these cuttings into the water. Wait about 4 minutes, then drop in upper parts and boil
another 5 minutes. Drain in a colander, then shock for a few seconds under cold running
water to bring out the color. Mix sesame oil and soy sauce, and add to broccolini in a


Arrange broccolini and salmon on a platter for an appealing presentation, leaving the
salmon whole or broken into bite-size chunks. Pour off salmon juices in the baking pan and
serve as a sauce.

 1836991_69 sushi rice.jpg

Sushi Rice with Two Draft Picks 

4 cups cooked
short-grain rice

1/2 cup sushi vinegar (Japanese seasoned rice vinegar)

1 cup cooked
edamame beans, out of the pod

1 cup medium-size cooked shrimp, tails removed


Mix everything
together and you’re done! Serve in a super bowl.

Yakitori-Teriyaki Chicken Skewer
 1836991_52 skewer serve.jpg 

1 lb chicken breast, cut bite size

1 bunch green onions (scallions), cut
into 1-inch pieces

20 or 30 thin wooden skewers, 6 or 7 inches long

Salt and pepper to


Teriyaki sauce: 

3 tablespoons soy sauce

3 tablespoons sake
(Japanese rice wine, sold in many supermarkets and any liquor store; as for “sock E”)

tablespoons honey

1 teaspoon ground ginger

1 teaspoon garlic powder


Combine all teriyaki
sauce ingredients and cook for a few minutes to boil out the alcohol in the sake. Let stand
for half an hour, or make ahead and refrigerate. This sauce will keep in the fridge for a
week. You can double or triple the recipe and use the extra in all kinds of teriyaki


On each skewer, impale two pieces of chicken with a piece of green onion between
them. Sprinkle lightly with salt and pepper to taste. Line a baking pan with heavy-duty
foil and arrange skewers with meat ends in two rows down the middle and bare ends sticking
out over the sides. Cover bare ends with foil strips to prevent burning. Bake at 375°F for
10 minutes. Remove from oven. One by one, take out a skewer, dip its underside in teriyaki
sauce in a shallow dish, turn it over, dip the other side, and put it back in the pan. When
all skewers have been dipped and turned, bake another 5 minutes and serve.


creatively. The bare ends offer endless possibilities for artistic presentation. Alternate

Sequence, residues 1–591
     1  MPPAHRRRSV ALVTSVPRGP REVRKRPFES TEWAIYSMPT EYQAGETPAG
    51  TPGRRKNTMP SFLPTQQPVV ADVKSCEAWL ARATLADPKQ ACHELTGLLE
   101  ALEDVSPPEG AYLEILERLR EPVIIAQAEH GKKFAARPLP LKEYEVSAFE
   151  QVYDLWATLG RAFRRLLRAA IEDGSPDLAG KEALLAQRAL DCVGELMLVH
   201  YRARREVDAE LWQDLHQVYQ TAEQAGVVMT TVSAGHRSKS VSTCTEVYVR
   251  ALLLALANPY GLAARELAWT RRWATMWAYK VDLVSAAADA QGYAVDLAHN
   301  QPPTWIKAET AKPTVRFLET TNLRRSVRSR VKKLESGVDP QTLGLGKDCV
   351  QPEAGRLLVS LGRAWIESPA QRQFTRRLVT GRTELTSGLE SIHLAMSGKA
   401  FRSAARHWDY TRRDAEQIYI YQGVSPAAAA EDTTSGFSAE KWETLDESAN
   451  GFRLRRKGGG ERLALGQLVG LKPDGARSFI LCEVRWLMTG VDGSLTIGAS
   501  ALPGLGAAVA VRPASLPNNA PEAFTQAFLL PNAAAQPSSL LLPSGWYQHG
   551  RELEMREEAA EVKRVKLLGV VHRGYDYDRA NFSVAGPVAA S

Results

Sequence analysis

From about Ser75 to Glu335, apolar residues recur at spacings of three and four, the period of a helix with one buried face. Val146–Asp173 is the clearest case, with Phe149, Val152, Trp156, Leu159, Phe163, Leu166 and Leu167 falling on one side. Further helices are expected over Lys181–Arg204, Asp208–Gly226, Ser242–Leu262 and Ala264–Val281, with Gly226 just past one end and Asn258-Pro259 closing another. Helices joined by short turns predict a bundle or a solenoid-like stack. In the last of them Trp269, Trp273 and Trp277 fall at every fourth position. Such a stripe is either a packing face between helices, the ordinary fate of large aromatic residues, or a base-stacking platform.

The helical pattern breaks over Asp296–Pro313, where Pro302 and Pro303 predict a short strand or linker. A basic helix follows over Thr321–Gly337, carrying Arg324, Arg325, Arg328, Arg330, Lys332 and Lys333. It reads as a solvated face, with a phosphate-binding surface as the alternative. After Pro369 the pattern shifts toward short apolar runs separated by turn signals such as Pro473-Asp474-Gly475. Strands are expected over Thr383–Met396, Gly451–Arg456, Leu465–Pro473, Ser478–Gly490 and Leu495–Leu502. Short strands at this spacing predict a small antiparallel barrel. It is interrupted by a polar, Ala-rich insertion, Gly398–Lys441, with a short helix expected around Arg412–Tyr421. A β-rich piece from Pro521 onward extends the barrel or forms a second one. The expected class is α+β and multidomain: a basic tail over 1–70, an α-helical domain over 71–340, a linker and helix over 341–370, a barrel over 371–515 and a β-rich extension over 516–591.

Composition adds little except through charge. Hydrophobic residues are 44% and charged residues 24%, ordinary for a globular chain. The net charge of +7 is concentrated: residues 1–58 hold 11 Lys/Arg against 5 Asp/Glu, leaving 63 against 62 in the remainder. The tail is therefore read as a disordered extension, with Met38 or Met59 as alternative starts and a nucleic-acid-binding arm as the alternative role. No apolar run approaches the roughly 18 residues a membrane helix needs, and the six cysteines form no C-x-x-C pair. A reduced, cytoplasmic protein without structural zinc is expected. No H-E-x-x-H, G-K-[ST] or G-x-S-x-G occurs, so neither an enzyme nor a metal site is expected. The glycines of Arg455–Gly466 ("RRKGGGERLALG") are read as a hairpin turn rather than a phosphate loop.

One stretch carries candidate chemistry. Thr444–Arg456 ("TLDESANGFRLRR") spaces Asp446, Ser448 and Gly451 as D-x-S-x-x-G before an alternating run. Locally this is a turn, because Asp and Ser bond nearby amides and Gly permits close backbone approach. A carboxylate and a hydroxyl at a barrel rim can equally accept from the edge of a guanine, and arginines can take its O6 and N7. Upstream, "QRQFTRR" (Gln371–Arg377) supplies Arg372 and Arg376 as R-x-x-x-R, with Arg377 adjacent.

them down the middle of a platter like the lines on a football field, and the meat ends
become the fans in the stands!

 1836991_47 burger array.jpg

Extra Point Teriyaki Burgers


1 lb ground beef

1 small onion, chopped

1 tablespoon
cooking oil

1 teaspoon minced garlic

1/2 cup panko (“pahn-ko,” Japanese bread crumbs)

cup milk

1 egg

1 tablespoon teriyaki sauce

Lettuce, sliced cucumber, sliced tomato, sliced
sweet onion

French baguette bread, thinly sliced at an angle



1 cup mayonnaise

1 tablespoon Dijon mustard

1 teaspoon dill-lemon
seasoning or plain dill weed

Mix well.


Teriyaki Sauce: 

tablespoons soy sauce

3 tablespoons sake (Japanese rice wine, sold in many supermarkets and
any liquor store; ask for “sock-E”)

3 tablespoons honey

1 teaspoon ground ginger

1 teaspoon
garlic powder


Combine all teriyaki-sauce ingredients and cook for a few minutes to boil out
the alcohol in the sake. Let stand for half an hour, or make ahead of time and refrigerate.
This sauce will keep in the fridge for a week.


Sauté onion in cooking oil over medium heat
until translucent. Stir in garlic and set aside to cool. Beat the egg in a bowl, and mix in
panko and milk. Add ground beef, cooled onion, teriyaki sauce and salt and pepper to taste.
Knead the mixture by hand to blend everything well.


For each burger, fill a 1/4-cup
measuring cup with the mixture, then shape a small patty by hand. Grill or pan-fry patties
over medium heat, flipping once, until cooked thoroughly, about 4 minutes on each side.


Slice the cucumber, tomato and sweet onion, and arrange all the veggies artfully alongside
the patties, with dill mayo and teriyaki sauce in little side dishes. Diners then concoct
their own mini-burgers between bread slices, with a dab of mayo and a dribble of sauce to
score the extra point.


Two-Minute Warning Dessert 


Have a potted plant full
of blossoms as a centerpiece. Then, when everyone is almost finished eating, yank out the
flowers – and eat the dirt for dessert! Here’s how:


Middle Mud: 

One stick butter One 8-oz cream cheese

1/2 cup of powdered sugar (Mix until smooth, and set
aside. Then in a separate bowl, mix the following:)

3 1/2 cups of milk

2 packages French
vanilla instant pudding

Two 8-oz tubs of Cool Whip (Combine the two mixtures and mix well.
Refrigerate overnight.)


Dirt Crust: 

Two packages of Oreo cookies

1 bag of gummy worms


On game day, put the Cool Whip lid in the bottom of a clean 8-inch
plastic flowerpot to block the drain holes. Crush the packages of Oreo cookies – the kids
love that job – and layer half of the dirt in the bottom of the pot. Layer the fridge mix
in the middle, then layer the rest of the Oreo “dirt” on top and stick in some artificial
flowers. Dish it up with a clean trowel. For a little extra grandstanding, bury a few
“gummy worms” in the “dirt.” Touchdown!


More info: American Tailgaters
And see www.tailgating.com for
general information; under “Parking Lots” click on “Stadium and parking lot information”
for details.